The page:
What Do We Want?

I could have a mansion
That is higher than the trees
I could have all the gifts I want
And never ask please
I could fly to Paris
It’s at my beck and call
Why do I go through life
With nothing at all?

But when I dream
I dream of you
Maybe someday
You will come true

I can be the singer
Or the clown in every room
I can even call someone
To take me to the moon
I can put my makeup on
And drive the men insane
I can go to bed alone
And never know his name

But when I dream
I dream of you
Maybe someday
You will come true

Sandy Mason Theoret


At Gate C22 in the Portland Airport, a man in a broadband leather hat kissed a woman arriving from Orange County.  They kissed and kissed and kissed.  Long after the other passengers clicked the handles of their carry-ons and wheeled briskly toward the short-term parking, the couple stood there, arms wrapped around each other like she’d just staggered off the boat at Ellis Island.  Like she’d been released from the ICU, snapped out of a coma, survived bone cancer, made it down from Annapurna in only the clothes she was wearing.  

Neither of them were young.  His beard was grey.  She carried a few extra pounds you could imagine her saying she had to lose.  But they kissed lavish kisses, like the ocean in the early morning – the way it gathers and swells, sucking each rock under, swallowing it again and again. 

We were all watching.  Passengers waiting for the delayed flight to San Jose, the stewardesses, the pilots, the aproned woman icing Cinnabons, the man selling sunglasses.  We couldn’t look away.  We could taste the kisses crushed in our mouths.

But the best part was his face.  When he drew back and looked at her, his smile soft with wonder, almost as though he were a mother still open from giving birth.  As your mother must have looked at you no matter what happened after – if she beat you or left you or you’re lonely now.  You once lay there, the vernix not yet wiped off, and someone gazed at you as if you were the first sunrise seen from Earth.

The whole wing of the airport hushed, all of us trying to slip into that woman’s middleaged body, her plaid Bermuda shorts, sleeveless blouse, glasses, little gold hoop earrings – tilting our heads up.

Ellen Bass


It’s simple really.  We want the kiss … and the eyes full of love

Day Twenty-Four: Longing

The Evolutionary Collective welcomed 125 people from near and far to its New Year’s Day Internet call. Patricia Albere, the founder of the organization, led us in exploring the topic of “longing”. Part of our time together was in groups of two and three. We looked at what aspects of society we’d like to say goodbye to. Later, what were our visions for the world we’d love to inhabit?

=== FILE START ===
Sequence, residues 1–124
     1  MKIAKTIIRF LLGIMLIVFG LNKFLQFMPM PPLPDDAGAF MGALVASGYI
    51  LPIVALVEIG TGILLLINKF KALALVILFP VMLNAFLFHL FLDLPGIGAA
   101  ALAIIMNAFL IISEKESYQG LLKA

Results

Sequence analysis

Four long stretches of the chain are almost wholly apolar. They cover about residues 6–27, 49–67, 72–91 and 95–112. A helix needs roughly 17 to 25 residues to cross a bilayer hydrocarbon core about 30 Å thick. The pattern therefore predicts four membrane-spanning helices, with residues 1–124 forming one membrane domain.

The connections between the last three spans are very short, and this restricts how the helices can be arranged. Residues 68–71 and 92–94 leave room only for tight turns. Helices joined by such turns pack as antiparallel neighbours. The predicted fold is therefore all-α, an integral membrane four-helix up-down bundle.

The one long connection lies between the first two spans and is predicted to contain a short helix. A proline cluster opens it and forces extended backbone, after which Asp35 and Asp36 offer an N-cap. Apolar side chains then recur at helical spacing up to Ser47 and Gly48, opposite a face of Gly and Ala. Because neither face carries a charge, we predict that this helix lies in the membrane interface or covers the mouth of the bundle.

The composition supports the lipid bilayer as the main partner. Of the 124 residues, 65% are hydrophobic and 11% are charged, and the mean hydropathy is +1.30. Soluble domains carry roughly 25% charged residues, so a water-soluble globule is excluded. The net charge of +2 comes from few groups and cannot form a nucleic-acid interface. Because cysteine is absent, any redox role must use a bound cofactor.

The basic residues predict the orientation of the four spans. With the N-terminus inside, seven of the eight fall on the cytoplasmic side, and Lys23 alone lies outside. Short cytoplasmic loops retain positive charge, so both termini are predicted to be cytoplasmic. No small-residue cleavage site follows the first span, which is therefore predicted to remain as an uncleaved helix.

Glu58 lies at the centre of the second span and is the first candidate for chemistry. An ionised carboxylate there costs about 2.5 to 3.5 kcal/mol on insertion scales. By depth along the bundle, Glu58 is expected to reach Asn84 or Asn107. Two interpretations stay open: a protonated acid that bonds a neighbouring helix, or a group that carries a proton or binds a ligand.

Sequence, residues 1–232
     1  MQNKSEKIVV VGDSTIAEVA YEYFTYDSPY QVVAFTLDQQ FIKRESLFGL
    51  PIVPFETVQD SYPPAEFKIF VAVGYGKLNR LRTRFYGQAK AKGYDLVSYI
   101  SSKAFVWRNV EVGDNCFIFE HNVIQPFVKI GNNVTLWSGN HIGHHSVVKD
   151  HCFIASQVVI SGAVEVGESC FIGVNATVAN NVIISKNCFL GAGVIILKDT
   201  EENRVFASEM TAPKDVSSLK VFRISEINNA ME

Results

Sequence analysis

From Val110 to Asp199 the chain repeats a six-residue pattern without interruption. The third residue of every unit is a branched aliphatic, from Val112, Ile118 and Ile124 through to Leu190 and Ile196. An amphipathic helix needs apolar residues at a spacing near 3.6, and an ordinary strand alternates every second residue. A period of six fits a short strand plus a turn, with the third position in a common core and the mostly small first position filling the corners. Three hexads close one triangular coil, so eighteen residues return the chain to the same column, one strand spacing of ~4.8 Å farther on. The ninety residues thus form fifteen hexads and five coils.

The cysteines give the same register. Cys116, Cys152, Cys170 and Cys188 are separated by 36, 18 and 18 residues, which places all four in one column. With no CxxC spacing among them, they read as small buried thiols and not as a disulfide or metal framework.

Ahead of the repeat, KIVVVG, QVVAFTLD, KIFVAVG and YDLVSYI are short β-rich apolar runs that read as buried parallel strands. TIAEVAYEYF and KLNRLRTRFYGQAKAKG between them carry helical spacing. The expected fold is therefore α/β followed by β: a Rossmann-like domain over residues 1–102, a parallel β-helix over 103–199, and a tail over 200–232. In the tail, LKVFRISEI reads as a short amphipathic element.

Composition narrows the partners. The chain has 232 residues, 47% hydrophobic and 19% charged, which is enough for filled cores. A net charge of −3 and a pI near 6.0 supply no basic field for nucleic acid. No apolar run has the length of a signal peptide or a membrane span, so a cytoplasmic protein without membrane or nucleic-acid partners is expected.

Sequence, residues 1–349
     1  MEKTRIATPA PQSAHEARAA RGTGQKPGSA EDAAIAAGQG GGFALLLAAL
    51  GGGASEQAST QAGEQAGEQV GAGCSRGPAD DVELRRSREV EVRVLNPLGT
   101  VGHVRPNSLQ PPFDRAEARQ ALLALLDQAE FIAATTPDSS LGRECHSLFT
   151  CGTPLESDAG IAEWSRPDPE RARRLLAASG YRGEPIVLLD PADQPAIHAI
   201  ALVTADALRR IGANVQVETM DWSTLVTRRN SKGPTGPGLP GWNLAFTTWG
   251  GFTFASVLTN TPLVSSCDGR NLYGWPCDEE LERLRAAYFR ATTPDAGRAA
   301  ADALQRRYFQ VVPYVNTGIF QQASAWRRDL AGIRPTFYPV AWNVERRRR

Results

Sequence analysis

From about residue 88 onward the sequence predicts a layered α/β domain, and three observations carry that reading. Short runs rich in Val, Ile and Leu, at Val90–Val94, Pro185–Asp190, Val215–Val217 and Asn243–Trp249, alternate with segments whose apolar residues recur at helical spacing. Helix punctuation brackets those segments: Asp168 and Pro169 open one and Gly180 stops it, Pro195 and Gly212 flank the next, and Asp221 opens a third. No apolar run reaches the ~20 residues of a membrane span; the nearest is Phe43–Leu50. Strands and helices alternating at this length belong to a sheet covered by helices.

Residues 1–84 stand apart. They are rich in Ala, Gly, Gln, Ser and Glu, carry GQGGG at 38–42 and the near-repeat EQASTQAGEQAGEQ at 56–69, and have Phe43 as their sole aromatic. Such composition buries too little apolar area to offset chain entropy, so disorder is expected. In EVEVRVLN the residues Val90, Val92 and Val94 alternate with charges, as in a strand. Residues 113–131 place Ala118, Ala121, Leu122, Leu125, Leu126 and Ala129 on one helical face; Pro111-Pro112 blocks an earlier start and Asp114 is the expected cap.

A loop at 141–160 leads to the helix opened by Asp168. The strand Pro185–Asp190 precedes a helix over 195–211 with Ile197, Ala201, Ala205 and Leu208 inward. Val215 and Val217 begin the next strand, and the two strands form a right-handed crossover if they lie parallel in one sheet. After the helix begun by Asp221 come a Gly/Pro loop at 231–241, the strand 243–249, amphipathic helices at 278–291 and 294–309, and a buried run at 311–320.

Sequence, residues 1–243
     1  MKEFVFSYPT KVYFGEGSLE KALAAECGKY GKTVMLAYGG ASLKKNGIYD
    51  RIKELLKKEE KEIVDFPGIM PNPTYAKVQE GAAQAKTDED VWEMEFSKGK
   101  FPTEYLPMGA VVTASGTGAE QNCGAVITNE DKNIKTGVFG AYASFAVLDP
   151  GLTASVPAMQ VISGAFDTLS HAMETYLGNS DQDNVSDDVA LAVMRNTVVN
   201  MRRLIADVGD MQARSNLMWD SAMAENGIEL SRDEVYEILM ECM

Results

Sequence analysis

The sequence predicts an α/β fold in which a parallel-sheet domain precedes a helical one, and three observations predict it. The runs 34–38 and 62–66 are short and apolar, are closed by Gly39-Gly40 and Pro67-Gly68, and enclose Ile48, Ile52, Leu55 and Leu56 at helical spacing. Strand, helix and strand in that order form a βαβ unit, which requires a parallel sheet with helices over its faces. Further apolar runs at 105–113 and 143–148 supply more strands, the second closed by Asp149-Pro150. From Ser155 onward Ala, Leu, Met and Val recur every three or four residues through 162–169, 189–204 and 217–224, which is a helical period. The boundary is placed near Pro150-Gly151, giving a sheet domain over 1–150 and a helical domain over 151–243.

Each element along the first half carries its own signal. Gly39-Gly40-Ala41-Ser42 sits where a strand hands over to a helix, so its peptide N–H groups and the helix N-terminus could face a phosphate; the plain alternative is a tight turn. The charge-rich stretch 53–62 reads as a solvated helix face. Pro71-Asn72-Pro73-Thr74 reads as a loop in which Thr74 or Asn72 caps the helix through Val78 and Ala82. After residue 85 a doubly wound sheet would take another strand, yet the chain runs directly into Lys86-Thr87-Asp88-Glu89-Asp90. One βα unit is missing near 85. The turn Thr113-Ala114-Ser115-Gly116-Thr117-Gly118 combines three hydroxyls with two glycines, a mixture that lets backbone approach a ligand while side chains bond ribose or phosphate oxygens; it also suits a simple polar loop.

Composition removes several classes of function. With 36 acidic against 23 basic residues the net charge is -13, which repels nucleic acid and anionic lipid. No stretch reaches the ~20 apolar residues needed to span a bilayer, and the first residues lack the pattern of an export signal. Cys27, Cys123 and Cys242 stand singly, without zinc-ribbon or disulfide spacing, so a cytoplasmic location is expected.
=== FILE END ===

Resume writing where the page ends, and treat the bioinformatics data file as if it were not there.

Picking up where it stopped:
I felt into the questions and stayed open to the images that wanted to emerge. There was no “figuring it out”.

Here’s what I’m saying no to:

1. So rarely do we physically touch each other.

2. Kids respond rather than initiate. Their ideas are not as important as those of adults.

3. We are afraid of each other. Our tendency is to move away rather than go towards.

4. I’m right and you’re wrong.

5. “Home” is our own needs and wants.

And then there’s the vision of what is yet to be:

1. We laugh together at how silly life is.

2. We look deeply into each other’s eyes. We linger there … and feel the beauty.

3. We value ideas from whomever they spring, regardless of age, gender, status or what your peers think.

4. We go slow, seeing the moments of the world unfold before us, and we smile at what is revealed.

5. We hug, easily and often, including all in our positive regard.

It was a lovely two hours together. With Zoom technology, we could see 25 folks at once on our laptop screens. A simple click and there were 25 more faces. The infinite variety and grace of human beings was on full display. It was a privilege to come together like this.


Earlier, I sat in a comfy chair near Keur Saloum’s pool. To my left was a black family: mom, dad, son and yappy little dog. They were talking in English, and clearly enjoying each other’s presence. I decided to let them be. My vision for the future revolves around reaching out to new humans but it didn’t seem right to be intruding into their joy. The power of contact, however, was initiated by an unexpected being – the little doglet came close and really turned up the barking.

Mom apologized for “Simba”. I smiled and said it was fine. And then it came to me: tell Simba that my name was Mufasa (Simba’s father in The Lion King). So I did. Mom and dad laughed … and we were off to the races.

Where do you live? > For the next year – in Dakar [the capital of Senegal]. After that, back in the United States.

Where in the States > In California

Where in California? > Near San Francisco

Where? > Berkeley

In eight days, I’ll arrive in Berkeley. I’ll be staying for a week > (!)

Oh my. What can be created, what can emerge, when we simply move closer to each other? I think it’s called magic.

I told Penda and Solomon that I volunteer in a Grade 5/6 class in Canada, and that months ago three girls asked me if I would bring them something back from San Francisco. I said yes, in the spirit of rewarding kids who speak up. It turns out that they all wanted a necklace. Actually the very same design: the tree of life.

Do.you know where I could find “tree of life” pendants in Berkeley? > Yes. Your conference site [The David Brower Center] is only a few blocks away from a bunch of street vendors who carry stuff like this. Walk east on Allston Way to Oxford Street. South on Oxford to Bancroft Way. Three blocks east to Telegraph Avenue … et voilà.

So there!
From Toubacouta, Senegal
across the world to Berkeley, California
There is really no distance between us